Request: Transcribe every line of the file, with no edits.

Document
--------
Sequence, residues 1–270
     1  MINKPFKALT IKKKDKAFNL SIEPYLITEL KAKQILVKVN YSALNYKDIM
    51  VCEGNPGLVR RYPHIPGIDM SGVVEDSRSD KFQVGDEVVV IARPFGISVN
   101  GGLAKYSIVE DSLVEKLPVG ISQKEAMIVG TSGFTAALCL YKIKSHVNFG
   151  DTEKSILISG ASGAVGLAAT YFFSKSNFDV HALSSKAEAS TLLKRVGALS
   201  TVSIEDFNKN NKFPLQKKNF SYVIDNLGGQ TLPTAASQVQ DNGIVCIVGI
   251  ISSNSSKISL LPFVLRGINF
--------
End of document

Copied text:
Sequence, residues 1–270
     1  MINKPFKALT IKKKDKAFNL SIEPYLITEL KAKQILVKVN YSALNYKDIM
    51  VCEGNPGLVR RYPHIPGIDM SGVVEDSRSD KFQVGDEVVV IARPFGISVN
   101  GGLAKYSIVE DSLVEKLPVG ISQKEAMIVG TSGFTAALCL YKIKSHVNFG
   151  DTEKSILISG ASGAVGLAAT YFFSKSNFDV HALSSKAEAS TLLKRVGALS
   201  TVSIEDFNKN NKFPLQKKNF SYVIDNLGGQ TLPTAASQVQ DNGIVCIVGI
   251  ISSNSSKISL LPFVLRGINF